Hong Kong


A special administrative region of the country with significant autonomy. From 1842 to 1997, it was under the control of the UK, which made Hong Kong one of the largest financial centers in Asia and in the world.

Hong Kong Island is the place where the colony of the British Empire was founded. Most of the population lives in the northern part of the island. Due to the scarcity of land, the metropolitan area's tallest skyscrapers are located here, including the famous row of skyscrapers along Victoria Harbour. Also in the northern part of the island are: the financial center of the city, administrative buildings, main retail outlets and the main nightclubs of the city. The southern regions are less populated and more favorable for living. There are picturesque beaches and luxurious houses where the richest inhabitants of the island live. Generally speaking, Hong Kong Island is the wealthiest area of the metropolitan area and is more westernized than other parts of Hong Kong.
Kowloon is a peninsula that protrudes south of the continent towards Hong Kong Island. Once the most densely populated area in the world, this area is home to the majority of Hong Kong's population. At the moment, Kowloon is a chaotic hodgepodge of galleries, markets, and apartment buildings. Nathan Road is the "core" of the area and has long been known as the "Miracle Mile" (Miracle Mile) because of the close row of skyscrapers, shops, hotels, large crowds of people and a large number of neon signs. In Chinese, "Kowloon" means "nine dragons", which represent the eight hills that are visible as long as the built skyscrapers blocked the view. The ninth dragon, according to local legend, was a boy emperor who counted these hills.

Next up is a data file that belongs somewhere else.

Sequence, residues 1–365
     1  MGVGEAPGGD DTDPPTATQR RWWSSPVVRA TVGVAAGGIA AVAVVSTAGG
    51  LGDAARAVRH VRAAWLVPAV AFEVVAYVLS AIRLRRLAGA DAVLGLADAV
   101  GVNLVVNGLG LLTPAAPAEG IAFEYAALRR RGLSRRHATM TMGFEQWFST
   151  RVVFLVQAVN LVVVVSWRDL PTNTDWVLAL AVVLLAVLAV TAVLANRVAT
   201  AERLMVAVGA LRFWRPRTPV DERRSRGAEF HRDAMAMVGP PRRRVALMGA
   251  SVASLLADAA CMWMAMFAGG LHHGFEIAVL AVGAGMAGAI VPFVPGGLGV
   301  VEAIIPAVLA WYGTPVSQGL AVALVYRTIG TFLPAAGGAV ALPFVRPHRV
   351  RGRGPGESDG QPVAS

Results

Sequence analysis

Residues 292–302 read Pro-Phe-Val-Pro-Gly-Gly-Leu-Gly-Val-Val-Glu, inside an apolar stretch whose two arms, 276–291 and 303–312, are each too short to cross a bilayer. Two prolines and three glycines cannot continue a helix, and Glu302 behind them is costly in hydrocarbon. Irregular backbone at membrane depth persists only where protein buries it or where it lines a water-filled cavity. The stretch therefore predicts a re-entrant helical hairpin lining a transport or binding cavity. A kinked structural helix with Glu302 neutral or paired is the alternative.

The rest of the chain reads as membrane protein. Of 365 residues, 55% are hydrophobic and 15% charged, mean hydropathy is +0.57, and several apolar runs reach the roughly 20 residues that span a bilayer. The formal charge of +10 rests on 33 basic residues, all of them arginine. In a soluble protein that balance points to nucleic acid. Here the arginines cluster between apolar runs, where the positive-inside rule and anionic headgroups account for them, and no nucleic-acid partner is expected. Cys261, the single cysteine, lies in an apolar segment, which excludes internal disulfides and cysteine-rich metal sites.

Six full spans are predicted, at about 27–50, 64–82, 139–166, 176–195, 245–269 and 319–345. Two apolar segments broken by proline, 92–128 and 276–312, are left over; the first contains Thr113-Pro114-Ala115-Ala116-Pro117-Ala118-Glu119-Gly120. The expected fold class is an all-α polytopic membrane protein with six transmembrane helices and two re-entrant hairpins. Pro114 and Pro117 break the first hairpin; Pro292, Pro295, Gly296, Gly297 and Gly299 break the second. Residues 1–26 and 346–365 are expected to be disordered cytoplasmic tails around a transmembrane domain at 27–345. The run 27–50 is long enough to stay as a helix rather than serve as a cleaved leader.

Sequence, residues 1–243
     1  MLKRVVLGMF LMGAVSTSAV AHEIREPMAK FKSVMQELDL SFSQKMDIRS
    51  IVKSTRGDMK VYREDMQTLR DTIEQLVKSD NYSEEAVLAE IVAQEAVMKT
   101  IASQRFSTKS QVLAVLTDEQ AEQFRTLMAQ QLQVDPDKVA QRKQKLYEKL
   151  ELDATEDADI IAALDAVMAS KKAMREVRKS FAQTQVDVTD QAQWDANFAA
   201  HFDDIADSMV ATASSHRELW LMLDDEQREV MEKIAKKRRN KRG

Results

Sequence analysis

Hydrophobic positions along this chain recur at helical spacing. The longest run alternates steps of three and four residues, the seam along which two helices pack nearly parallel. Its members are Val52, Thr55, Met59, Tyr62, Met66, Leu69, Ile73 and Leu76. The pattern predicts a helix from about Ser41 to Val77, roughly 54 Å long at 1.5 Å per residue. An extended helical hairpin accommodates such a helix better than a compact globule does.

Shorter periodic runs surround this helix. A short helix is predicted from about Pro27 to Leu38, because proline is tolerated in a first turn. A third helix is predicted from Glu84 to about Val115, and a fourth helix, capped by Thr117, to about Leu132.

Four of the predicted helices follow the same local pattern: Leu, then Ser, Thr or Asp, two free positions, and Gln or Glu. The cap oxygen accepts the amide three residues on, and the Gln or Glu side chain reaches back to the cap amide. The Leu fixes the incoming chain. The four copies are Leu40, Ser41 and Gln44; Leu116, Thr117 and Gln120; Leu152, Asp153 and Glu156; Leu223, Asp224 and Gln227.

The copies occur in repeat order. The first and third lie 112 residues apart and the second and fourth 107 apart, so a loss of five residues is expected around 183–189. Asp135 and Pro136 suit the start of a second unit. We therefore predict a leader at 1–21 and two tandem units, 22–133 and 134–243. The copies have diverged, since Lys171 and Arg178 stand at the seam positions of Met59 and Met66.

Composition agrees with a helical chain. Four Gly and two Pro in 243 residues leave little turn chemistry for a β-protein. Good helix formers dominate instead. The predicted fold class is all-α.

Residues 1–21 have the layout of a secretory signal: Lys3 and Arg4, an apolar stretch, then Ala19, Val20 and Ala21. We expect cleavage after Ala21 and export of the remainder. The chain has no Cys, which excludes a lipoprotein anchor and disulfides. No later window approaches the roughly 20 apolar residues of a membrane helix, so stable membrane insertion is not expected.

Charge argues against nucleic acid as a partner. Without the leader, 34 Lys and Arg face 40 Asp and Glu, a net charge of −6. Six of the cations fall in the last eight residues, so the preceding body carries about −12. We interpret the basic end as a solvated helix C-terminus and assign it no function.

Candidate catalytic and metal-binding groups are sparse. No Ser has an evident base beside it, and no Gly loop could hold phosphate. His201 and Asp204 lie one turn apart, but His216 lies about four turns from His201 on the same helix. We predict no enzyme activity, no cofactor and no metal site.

New Territories - The name "New Territories" comes from the name given by the British Government, which leased these lands from China in 1898. There are small farms, towns, industrial areas, mountainous parks, and several settlements with a population comparable to the city. Most of the New Territories are occupied by villages, in stark contrast to the over-urbanized Kowloon and Hong Kong Island.
The Outlying Islands are another 234 islands of Hong Kong, including both densely populated islands and just rocks protruding from the water. The reclaimed land north of Lantau Island is home to the Hong Kong International Airport.
Lantau is the largest of the Outlying Islands, twice the size of Hong Kong Island.



Hong Kong Island: Mun Mo Temple, built in the first half of the 1st century (photos without flash and tripod are welcome, subject to respect for the territory). At the ferry station is the Maritime Museum. One and a half kilometers from the coast is Victoria Peak, recommended to all tourists; you can enjoy beautiful views just by driving up to the top on bus 15 (from the ferry station). From the ferry station and from the Admiralty there are buses to Ocean Park (a view of Disneyland, in fact). In general, the area of the ferry station, Central, is recommended for viewing; hieroglyphs, double-decker buses and trams, gaps between skyscrapers, the most expensive building in the world (the Hong Kong Bank building, a skyscraper without a central shaft).
Kowloon: Space Museum, Avenue of Stars with a monument to Bruce Lee. From the ferry station you can take a sightseeing tour of the bay. It is good to watch the (free) laser show from the Avenue of Stars, which starts every evening at 8 o'clock and lasts about 10 minutes.